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MTHEL 131 (32)
Chapter 1

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Mathematics Electives
David Kohler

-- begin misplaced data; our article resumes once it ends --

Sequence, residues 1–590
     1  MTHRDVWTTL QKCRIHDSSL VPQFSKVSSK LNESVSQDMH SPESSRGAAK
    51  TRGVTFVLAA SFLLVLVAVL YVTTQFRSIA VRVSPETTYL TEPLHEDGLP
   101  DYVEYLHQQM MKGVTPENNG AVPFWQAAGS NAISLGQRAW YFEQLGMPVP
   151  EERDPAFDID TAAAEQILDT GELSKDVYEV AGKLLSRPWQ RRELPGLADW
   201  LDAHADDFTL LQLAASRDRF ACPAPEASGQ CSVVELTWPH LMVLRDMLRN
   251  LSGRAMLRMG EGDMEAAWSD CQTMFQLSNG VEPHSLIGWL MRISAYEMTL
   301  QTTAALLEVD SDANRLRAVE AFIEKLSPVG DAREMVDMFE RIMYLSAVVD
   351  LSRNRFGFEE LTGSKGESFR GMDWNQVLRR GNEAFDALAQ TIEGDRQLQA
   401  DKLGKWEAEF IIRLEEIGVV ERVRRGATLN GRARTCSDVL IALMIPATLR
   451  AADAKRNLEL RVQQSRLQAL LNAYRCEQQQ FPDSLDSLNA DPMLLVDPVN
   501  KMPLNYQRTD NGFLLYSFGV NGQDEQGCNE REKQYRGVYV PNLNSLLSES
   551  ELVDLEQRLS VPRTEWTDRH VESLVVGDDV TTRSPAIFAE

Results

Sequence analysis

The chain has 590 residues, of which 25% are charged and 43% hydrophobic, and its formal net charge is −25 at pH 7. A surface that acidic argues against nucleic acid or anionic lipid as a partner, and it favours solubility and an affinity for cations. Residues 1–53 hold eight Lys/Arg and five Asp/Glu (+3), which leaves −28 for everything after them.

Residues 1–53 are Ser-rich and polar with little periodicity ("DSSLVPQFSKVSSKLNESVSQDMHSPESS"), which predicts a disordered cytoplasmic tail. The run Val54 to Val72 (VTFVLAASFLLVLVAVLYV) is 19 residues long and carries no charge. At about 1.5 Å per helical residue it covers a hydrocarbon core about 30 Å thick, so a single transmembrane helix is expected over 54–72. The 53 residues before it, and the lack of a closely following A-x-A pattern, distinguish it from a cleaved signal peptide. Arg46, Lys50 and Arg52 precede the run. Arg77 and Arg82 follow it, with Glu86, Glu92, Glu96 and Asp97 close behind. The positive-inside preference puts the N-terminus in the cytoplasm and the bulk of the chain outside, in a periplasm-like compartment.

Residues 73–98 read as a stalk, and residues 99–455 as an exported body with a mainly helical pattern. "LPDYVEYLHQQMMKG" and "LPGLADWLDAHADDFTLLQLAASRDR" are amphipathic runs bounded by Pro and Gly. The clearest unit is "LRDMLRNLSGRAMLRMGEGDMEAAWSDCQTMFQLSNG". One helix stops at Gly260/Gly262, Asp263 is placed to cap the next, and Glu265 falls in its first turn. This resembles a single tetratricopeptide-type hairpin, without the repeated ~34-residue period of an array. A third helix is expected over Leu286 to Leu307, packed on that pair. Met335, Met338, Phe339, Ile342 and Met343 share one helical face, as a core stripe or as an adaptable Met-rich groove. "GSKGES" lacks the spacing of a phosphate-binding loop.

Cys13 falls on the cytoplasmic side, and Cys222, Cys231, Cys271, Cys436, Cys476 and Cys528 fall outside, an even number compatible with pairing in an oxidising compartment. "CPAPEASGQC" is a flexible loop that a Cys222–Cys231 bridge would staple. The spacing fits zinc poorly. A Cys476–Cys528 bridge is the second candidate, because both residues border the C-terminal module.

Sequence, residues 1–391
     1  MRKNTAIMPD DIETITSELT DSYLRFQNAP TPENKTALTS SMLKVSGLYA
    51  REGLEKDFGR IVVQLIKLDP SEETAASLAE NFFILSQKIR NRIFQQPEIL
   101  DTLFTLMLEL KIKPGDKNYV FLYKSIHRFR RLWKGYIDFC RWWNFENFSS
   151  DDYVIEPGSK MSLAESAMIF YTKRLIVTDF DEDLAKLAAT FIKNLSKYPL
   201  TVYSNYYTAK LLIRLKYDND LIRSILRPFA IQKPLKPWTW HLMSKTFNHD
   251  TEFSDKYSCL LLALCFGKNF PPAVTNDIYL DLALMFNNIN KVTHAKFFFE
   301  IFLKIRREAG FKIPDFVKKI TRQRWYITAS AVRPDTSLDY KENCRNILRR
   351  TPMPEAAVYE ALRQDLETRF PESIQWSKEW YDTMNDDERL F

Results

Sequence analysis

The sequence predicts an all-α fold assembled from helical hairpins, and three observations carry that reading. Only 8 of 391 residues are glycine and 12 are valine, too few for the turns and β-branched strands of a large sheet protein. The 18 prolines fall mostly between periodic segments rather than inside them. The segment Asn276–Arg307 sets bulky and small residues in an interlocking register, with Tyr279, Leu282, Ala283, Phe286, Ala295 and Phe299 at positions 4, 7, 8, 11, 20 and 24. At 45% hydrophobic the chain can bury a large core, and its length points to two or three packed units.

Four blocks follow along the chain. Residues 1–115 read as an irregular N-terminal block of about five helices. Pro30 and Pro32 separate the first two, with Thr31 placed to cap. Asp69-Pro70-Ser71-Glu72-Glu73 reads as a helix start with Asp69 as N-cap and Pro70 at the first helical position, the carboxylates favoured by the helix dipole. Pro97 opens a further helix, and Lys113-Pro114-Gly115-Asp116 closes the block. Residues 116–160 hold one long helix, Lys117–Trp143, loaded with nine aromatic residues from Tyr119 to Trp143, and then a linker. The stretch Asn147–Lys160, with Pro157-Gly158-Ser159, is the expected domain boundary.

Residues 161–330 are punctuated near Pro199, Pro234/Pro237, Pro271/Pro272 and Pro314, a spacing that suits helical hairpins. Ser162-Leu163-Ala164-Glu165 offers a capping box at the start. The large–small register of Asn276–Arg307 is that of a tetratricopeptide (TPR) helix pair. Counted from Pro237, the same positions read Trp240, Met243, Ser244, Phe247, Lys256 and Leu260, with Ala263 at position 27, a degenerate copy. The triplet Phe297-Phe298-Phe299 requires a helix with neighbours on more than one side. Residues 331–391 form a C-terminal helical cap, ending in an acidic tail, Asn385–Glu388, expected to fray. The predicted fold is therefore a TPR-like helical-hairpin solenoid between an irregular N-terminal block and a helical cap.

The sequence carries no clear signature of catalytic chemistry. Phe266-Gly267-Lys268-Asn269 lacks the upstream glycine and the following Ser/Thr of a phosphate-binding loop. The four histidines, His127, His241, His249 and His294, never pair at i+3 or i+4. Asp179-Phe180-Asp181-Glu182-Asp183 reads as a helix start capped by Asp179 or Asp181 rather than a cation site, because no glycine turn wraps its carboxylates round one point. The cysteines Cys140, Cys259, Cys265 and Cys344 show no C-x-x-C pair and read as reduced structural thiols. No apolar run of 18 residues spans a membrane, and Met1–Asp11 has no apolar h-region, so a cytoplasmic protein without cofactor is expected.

Chapter 1: Economic Security and the Economics of Life and Health Insurance Private insurance can be defined from 2 perspectives: economic and legal - Economic:  Insurance is a financial intermediation function by which individuals exposed to a specified contingency contribute to a pool from which events suffered by participating individuals are paid. Individuals purchase the right to collect from the pool. Insurance is a contingent claim contract on the pool’s assets - Legal:  Insurance is an agreement (policy or contract) by which policyowner pays premium to the insurer. In return, insurer agrees to pay defined amount of money if a covered event occurs during policy term. - The person whose life, health or property is insured is known as the insured - Usually, the insured is also the policy owner - The person who receives the payment when the insured dies is the beneficiary. - Social insurance is different from private insurance due to its emphasis on social equity through income redistribution  government sponsored, funded by taxes - Private insurance focuses on individual equity (premiums reflected expected value of loss) The life branch of private insurance pays benefits in instances of: death – life insurance living a certain length of time – endowment, annuity, pension incapacity – disability, long-term care injury or disease – health insurance, accidental insurance, medical expense insurance Types of insurance - whole life insurance: provides coverage for the whole of the insured’s life - term insurance: pays benefits only if insured dies during the policy term - endowment insurance: pays benefits if the insured dies during policy term, and if the insured survives the policy term - annuity: contract that promises to pay the insured (annuitant) a monthly payment starting at specified age. If payments cease upon death, it’s called a life annuity - health insurance: payment is contingent on the insured incurring expenses or losing income due to health - disability income insurance: payment provoked by mental/physical incapacity preventing the insured from working - long-term care insurance: if incapacity prohibits insured’s activities of daily living - medical expense insurance: covers health care expenses Life and health insurance is divided into 4 categories: group, ordinary, industrial, credit: - Group: typically purchase by employers for benefit of their employees. - Industrial: policies issued in small amounts, less than $2000, with premiums payable on weekly or monthly basis - Ordinary: benefit amounts are larger than industrial, with premiums paid monthly or less frequently - Credit insurance: issued through lending institutions to cover debtors’ obligations if they die or become disabled Conditions for perfectly competitive insurance market: 1. large number of buyers and sellers so that no one of them can influence the market 2. sellers have freedom of entry into and exit from the market (ex. New firms can start if they see that existing firms are making excess profit) 3. sellers produce identical products (buyers have no incentive to pay more than the market price) 4. buyers and sellers are well informed about products Imperfections in Insurance Markets 1. Market power: the ability of one or a few sellers/buyers to influence price of a product of service. Relates exclusively to sellers, in 4 ways: - barriers to entry or exit - economies of scale/scope - price discrimination - product differentiation Barriers to entry/exit: - governments can require a license to sell insurance, to protect consumer - governments can flat out deny entry, creating opportunity for existing sellers to enjoy market power (high prices, excess profits) - when firms try to create legitimate barriers, products and services undergo continuous improvement Economies of scale or scope: - economies of scale—the larger the firmthe more efficiently it can operate. Becomes an entry barrier because entering firms are at a disadvantage - minimum efficient scale(MES)—when increasing firm size no longer yields efficiencies. Long-run average costs are at a minimum - constant returns to scale: growth neither adds, detracts from efficiency - decreasing returns to scale: growth detracts from efficiency - small firms find increasing returns - large firms find constant or decreasing returns - economies of scope—single firm can produce multiple products/services at a lower cost than multiple firms Price discrimination: - when firm offers identical products at different prices to different groups of customers Product differentiation: - when buyers prefer one firm’s product over that of its rivals - perceived differences in quality come from firms trying to differentiate their product from others 2. Externalities: when firm’s production or an individual’s consumption has direct and uncompensated effects on others - positive externality-- if others benefit. (ex. Factory creating jobs, reducing criminal activity). Too little of good/service is produced, price too high, too little effort devoted to enhancing externality - negative externality-- if costs are imposed on others. (ex. Factory not taking into account that pollution harms community. Prices are lower than they should be because factory is not compensating community). Too much of good/service will be produced, price too low, too little effort devoted to correcting the externality - fraud associated with health insurance is most significant negative externality in insurance. 5-15% of claims involve fraud. This causes higher premiums for everyone. - Lack of patents is most significant positive externality. Leads to lack of development 3. Free rider problems: when public goods (collectively consumed goods/services) are available to others at low or zero cost, people might take advantage - when insurance trade association lobbies for legislation, all insurers will benefit form its ac